FA: What advice would you give your fans about what they can do to help family farmers thrive?

MN: My advice would be to kill your TV for starters (making a slow-motion video of you or a friend destroying it with a baseball bat is a fun one), spend less time on your computer and more time outside, in nature. De-program yourself. Get yourself free. Get rid of your lawn and plant a garden instead. Learn all you can while you still can about how to be as resilient as possible. Download an app called “BUYCOTT,” which allows you to see exactly which companies profit from what you’re buying, all the way up the pyramid. Shop local. Eat local. Support your local farmers market. And if you can, come to Insects vs Robots shows! We will be having a Farm Aid donation booth at our merch table where you will get a free download if you donate to Farm Aid.

FA: Tell us about Farm Aid’s Board Members – Willie, John, Neil and Dave. Obviously you’ve got a pretty special connection.

MN: I see my dad and uncle Neil as sort of like elders of the human tribe. I’ve learned so much from them growing up and am proud to be part of their lives and sort of walking in their footsteps. It is always so inspiring to hear them and Dave and John speak at the Farm Aid press conference. They don’t mince words and really bring you into the moment and remind us all why we are there. It’s like the annual tribal gathering of the superheroes who are trying to save the world. I loved Dave’s quote this year “…if you have to frack something, why don’t you frack yourself.” Classic Dave.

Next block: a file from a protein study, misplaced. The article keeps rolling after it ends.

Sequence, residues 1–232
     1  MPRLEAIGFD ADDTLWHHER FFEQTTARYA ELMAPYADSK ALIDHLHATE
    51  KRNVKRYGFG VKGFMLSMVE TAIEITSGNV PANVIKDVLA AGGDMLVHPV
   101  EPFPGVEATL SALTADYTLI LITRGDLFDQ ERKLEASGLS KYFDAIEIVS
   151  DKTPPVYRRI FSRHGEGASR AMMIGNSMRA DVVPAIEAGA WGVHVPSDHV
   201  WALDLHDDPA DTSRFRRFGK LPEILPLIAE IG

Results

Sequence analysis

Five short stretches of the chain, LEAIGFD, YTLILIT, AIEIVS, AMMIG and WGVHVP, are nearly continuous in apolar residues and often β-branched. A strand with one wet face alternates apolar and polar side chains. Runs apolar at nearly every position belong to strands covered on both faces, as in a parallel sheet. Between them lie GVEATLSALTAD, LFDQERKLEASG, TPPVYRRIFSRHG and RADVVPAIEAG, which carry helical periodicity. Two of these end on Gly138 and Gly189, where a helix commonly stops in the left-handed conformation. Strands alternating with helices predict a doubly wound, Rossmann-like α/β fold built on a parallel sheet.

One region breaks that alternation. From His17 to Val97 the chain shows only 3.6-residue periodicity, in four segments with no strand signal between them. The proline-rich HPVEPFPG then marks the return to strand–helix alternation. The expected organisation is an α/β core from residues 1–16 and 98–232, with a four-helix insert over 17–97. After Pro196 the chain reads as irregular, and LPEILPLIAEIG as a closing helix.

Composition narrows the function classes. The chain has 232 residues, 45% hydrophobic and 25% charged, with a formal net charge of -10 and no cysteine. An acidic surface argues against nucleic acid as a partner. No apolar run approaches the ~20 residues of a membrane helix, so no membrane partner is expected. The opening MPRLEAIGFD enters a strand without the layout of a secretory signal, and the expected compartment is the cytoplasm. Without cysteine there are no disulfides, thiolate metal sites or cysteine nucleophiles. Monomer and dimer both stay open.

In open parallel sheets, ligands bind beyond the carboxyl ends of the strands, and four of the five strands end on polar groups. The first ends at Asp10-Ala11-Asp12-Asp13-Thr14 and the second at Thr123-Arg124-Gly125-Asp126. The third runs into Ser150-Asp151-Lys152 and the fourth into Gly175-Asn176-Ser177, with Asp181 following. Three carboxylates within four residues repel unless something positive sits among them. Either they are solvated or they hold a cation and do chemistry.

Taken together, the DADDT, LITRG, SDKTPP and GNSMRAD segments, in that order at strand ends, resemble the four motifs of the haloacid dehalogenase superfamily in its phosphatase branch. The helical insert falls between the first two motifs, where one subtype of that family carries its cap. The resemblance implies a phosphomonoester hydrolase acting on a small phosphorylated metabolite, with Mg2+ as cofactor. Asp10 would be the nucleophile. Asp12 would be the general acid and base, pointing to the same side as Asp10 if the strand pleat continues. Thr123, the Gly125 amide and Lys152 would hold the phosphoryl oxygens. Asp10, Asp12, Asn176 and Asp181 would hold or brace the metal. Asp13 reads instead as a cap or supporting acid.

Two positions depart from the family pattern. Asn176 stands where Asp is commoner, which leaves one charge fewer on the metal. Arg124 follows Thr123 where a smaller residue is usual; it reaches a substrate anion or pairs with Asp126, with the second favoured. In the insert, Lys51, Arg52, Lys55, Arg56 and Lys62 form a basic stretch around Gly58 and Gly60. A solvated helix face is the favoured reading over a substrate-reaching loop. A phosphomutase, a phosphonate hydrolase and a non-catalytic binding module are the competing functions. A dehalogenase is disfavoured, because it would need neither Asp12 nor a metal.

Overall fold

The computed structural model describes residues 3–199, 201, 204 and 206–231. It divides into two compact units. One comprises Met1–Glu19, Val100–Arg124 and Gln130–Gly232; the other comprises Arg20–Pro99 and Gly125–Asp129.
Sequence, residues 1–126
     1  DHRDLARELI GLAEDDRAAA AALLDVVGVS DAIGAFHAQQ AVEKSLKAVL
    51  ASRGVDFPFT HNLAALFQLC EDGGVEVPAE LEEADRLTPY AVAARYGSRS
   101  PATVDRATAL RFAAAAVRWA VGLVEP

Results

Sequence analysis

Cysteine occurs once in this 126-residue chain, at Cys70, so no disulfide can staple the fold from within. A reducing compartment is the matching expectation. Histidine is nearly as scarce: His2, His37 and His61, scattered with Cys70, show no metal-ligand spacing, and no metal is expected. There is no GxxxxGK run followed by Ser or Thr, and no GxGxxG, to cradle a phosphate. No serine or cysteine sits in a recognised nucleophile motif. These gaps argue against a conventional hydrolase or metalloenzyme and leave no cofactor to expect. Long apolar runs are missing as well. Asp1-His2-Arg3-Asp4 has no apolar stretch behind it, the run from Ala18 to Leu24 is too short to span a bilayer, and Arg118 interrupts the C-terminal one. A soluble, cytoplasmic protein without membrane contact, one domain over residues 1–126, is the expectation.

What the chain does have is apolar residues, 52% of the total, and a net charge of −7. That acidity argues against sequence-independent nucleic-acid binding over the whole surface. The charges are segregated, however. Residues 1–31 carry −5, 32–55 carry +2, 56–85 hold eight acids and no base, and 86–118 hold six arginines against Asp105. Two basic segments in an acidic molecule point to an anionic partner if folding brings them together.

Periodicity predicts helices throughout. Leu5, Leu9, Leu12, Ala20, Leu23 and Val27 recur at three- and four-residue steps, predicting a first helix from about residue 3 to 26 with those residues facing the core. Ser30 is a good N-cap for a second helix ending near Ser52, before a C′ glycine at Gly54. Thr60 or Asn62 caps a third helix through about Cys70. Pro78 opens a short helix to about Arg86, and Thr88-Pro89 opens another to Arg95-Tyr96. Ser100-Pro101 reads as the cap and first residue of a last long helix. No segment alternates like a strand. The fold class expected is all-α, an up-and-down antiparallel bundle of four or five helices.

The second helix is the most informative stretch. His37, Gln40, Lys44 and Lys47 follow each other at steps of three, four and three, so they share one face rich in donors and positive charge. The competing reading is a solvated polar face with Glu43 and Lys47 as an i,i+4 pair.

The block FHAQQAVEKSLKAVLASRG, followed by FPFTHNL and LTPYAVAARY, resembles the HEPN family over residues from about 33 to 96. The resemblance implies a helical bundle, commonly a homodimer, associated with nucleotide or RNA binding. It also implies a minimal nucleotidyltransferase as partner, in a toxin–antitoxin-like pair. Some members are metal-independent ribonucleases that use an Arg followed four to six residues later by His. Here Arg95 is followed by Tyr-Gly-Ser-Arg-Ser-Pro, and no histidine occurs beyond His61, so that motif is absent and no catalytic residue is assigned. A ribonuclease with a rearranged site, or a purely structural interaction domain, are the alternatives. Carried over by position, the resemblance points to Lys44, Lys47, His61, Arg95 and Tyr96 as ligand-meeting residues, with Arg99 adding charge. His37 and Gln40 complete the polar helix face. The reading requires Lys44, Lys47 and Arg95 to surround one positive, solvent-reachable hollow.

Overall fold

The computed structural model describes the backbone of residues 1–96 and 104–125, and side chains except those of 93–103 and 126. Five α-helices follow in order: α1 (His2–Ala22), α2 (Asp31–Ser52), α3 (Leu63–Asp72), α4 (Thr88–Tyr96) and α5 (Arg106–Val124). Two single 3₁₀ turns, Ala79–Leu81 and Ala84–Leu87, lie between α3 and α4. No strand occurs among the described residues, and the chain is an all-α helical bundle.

It made me so happy for my dad to invite my band to play at Farm Aid this year. We love nothing more than playing music together and so I know my dad would support any musical project I am involved in, but I’m so glad Insects vs Robots (IvR) has been so genuinely welcomed by his fans as well, even though for many of them they probably never would have been exposed to our music. We’ve opened for him a handful of shows now and it’s always such a great family-oriented time….people seem to have as much fun at our shows as we are having, which is good.

It was also a super cool feeling to have Neil come up after our set and give me a big hug and tell me how much he loved our set. He brought us on his bus and we talked for a long time about music and recording and he imparted some valuable wisdom and ideas to us, which we soaked right up. We are all a bunch of audiophile sonic-wizard-nerds like Neil so we all geeked out and bonded over that stuff. He has always made his music on his own terms and he always keeps it real so we connected on that as well. IvR has always lived and made our music that way and so I am glad that energy came through even in our 15 minute set. And every time I ran into Neil the rest of that day he would look me in the eye and say “GREAT SET TODAY. GREAT BAND.” It made us feel really proud of ourselves for how far we’ve come as a band and all the love and energy we put into our music since Neil has always been an incredible inspiration to all of us. We are extremely honored to be a part of Farm Aid and hope to continue to use our music as a voice for helping sustainable family farmers thrive.